Because HENRYs are high wage-earners, they typically pay the most in taxes on income. HENRYs should explore deductions and credits that reduce their tax obligations; less money for taxes means more money for investing.
One way to lessen the burden is to contribute to a retirement account, such as an individual retirement account (IRA) or an employer-sponsored account, such as a 401(k). Contributions up to $6,000, or $7,000 for people 50 years or older, to traditional IRAs are tax-deductible.3
Alternatively, contributions to a 401(k) are not tax-deductible. Rather, these contributions are made with pre-tax dollars, which reduce the total amount of taxable income reported by the employer. For example, if a HENRY, earning $200,000 per year, contributes $15,000 per year to a 401(k), the taxable income reported will be $185,000 ($200,000 - $15,000). HENRYs benefit dually from a reduction in taxes and an increase in savings and investments.
One roadblock preventing HENRYs from reaching their full rich potential is the accumulation of debt. Most of the burden comes from educational costs, mortgages, auto loans, and credit card debt. Large debt can erode earnings, limiting what can be invested and saved.
To reduce credit card debt, HENRYs can pay more than the minimum amount due and limit the use of the cards. Paying more than the minimum due will reduce the balance faster and the amount of interest applied. Limiting or discontinuing the use of credit cards can reduce the HENRYs' overall debt and prevent more debt from accumulating.
Applying this strategy to other debt can also have the same effect of quickly reducing debt and freeing up income for savings and investments. For example, paying more than the required amount on student loans can reduce the debt quickly, as well as accrued interest. Furthermore, consolidating student loans can reduce the monthly obligation and save money with a lower interest rate and payment.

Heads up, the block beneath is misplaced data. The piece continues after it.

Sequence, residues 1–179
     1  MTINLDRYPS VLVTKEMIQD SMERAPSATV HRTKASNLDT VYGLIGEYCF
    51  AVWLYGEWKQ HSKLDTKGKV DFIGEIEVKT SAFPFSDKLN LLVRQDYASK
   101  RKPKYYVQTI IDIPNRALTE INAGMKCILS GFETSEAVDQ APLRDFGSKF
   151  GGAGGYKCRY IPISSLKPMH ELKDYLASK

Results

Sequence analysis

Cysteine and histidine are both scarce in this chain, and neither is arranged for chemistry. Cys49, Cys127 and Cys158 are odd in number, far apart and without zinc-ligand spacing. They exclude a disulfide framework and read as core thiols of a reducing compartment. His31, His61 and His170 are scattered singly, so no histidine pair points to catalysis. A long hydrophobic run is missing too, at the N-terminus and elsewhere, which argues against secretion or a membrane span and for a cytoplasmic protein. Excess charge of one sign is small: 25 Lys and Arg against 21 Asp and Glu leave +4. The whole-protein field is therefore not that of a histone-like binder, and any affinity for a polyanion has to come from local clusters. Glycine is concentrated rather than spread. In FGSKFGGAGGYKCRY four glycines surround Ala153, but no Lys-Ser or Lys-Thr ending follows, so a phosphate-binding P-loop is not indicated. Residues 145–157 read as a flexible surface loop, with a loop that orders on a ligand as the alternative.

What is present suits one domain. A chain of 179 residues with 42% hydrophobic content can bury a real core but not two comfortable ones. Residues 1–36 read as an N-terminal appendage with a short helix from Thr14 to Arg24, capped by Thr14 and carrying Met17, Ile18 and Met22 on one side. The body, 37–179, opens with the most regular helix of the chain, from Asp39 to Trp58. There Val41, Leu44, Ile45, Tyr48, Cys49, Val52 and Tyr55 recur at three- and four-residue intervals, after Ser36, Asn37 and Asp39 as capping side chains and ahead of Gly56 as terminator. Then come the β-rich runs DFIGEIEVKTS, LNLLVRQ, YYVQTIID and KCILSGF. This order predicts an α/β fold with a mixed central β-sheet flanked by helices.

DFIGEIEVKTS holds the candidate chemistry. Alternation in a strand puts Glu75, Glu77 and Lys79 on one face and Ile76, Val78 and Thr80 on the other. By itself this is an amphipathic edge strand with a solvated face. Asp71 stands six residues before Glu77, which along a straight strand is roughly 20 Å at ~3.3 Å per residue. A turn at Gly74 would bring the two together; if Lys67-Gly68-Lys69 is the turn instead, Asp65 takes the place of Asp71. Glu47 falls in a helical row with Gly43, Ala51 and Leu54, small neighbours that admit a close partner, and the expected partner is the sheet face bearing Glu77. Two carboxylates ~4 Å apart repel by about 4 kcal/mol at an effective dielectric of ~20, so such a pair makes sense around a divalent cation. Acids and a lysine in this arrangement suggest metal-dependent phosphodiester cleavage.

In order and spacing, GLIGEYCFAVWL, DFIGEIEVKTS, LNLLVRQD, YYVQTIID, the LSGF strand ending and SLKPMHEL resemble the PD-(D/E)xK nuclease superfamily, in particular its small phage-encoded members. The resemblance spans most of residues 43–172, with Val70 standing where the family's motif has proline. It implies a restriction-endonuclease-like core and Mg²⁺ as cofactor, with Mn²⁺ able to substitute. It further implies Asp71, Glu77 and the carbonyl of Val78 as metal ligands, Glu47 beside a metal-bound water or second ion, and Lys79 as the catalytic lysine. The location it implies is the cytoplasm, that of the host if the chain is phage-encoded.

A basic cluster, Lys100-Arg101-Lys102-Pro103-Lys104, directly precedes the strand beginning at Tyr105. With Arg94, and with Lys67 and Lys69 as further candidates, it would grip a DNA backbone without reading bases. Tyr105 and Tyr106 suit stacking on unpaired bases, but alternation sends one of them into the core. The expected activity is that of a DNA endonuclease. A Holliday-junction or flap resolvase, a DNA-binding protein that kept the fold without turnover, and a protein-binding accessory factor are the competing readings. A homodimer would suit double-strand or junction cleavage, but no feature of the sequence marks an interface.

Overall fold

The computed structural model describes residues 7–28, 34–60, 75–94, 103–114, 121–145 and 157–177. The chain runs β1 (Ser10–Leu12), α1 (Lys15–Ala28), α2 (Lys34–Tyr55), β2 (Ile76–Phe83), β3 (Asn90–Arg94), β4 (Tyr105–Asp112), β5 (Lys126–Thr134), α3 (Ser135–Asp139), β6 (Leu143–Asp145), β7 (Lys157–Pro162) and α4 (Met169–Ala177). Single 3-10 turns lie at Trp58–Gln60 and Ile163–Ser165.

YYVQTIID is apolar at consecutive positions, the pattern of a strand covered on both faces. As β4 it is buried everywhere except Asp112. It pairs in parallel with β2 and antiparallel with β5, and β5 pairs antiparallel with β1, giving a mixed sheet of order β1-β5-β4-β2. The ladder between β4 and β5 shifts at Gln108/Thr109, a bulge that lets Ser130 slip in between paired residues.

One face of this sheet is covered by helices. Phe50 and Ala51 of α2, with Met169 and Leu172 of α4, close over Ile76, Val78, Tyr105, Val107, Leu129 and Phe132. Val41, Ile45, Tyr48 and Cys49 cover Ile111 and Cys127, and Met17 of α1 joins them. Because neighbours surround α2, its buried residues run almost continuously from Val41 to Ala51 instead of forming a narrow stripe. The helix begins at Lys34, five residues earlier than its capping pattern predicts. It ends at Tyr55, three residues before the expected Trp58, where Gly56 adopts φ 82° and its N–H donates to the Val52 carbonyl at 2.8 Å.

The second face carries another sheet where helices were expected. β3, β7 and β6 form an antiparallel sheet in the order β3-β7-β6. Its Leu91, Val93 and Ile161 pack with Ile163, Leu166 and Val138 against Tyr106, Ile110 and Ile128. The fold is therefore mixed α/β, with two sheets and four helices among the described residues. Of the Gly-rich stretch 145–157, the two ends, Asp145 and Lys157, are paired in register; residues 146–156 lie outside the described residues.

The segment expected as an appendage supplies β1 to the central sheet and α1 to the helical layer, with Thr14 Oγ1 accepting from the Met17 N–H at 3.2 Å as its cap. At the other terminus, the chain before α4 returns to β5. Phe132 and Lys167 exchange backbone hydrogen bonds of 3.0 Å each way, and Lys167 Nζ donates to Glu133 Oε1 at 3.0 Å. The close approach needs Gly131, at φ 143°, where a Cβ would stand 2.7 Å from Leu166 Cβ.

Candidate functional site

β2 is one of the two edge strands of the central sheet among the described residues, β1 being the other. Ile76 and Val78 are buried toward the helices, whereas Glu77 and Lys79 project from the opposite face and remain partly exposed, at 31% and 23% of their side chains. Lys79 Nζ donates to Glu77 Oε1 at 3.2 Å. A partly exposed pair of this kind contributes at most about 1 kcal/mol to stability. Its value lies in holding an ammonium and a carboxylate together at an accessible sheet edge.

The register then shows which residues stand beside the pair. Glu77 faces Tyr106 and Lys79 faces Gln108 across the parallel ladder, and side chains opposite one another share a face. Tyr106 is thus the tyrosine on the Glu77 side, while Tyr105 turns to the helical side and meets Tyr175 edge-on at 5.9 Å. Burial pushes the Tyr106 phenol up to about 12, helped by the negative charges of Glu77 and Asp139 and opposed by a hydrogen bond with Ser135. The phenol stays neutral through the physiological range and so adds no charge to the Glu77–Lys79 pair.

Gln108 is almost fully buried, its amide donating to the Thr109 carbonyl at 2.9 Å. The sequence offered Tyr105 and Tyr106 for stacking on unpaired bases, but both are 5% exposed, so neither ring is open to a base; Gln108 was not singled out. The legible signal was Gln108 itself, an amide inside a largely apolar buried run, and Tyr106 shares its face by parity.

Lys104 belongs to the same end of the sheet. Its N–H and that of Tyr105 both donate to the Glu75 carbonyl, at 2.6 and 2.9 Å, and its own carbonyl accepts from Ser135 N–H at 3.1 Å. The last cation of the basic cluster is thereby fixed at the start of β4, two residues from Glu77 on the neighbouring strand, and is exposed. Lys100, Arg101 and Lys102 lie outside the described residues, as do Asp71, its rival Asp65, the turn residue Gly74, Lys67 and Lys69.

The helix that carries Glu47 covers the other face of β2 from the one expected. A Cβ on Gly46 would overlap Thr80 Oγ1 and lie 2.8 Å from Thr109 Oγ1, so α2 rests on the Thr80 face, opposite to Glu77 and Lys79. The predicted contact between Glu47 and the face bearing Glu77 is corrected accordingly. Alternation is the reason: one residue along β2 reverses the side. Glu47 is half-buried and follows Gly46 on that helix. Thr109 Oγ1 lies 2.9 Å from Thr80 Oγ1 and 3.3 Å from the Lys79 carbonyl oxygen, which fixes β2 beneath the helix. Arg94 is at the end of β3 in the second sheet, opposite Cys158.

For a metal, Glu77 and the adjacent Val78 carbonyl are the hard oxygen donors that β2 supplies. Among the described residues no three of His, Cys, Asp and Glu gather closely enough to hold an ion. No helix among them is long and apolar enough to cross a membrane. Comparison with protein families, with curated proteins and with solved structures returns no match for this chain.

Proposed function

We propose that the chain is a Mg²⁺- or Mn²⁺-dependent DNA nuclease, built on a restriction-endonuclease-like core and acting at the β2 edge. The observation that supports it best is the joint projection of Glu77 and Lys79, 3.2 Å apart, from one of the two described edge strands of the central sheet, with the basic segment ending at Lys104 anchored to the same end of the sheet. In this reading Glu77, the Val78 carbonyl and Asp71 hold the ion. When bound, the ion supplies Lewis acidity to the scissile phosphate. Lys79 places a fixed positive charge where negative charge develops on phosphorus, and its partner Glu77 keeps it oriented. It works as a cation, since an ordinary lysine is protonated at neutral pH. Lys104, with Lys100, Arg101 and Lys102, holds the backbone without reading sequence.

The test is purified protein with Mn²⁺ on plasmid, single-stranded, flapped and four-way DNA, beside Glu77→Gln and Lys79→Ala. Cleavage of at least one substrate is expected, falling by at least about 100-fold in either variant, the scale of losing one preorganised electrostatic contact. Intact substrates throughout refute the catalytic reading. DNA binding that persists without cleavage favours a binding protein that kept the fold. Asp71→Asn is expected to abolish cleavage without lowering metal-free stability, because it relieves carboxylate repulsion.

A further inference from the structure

$80,000 The average amount of a HENRY's student loan debt.
Whereas reducing debt is, perhaps, the first step towards wealth, investing is the way to build it. After reducing debt, HENRYs will have more disposable income to invest. Retirement savings accounts are popular investment vehicles for their tax benefits and investment options. For example, 401(k)s allow the HENRY to benefit from employer matching, various investment options, and pre-taxed invested dollars, which reduce reportable taxable income.
Investing in real estate can generate profits that contribute to wealth accumulation. If personal monthly rent or mortgage obligations are not large, the HENRY may be able to pursue real estate investments to generate streams of income; that income can be reinvested into other vehicles for growth. Likewise, the HENRY can invest in real estate investment trusts (REIT) for growth and to avoid the responsibilities associated with owning and managing investment real estate properties.
HENRYs can enlist the services of a professional wealth or investment advisor to select investments suitable to their risk tolerance and investment goals. Developing and following a plan can help them move from being a wealthy prospect to being a tycoon.
High Earners, Not Rich Yet (HENRYs) is a term to describe people who earn high incomes, usually between $250,000 to $500,000, but have not saved or invested enough to be considered rich.
Most of HENRYs' incomes are consumed by consumer spending, educational costs, and housing. Not much remains for retirement and investments, which makes achieving a wealthy status difficult.
To better their financial position, HENRYs can employ different strategies, such as reducing debt, increasing contributions to retirement and investment accounts, and reducing tax obligations, as well as seek help from a professional wealth advisor. In no time they can see the scale move from "not rich yet" to "high society."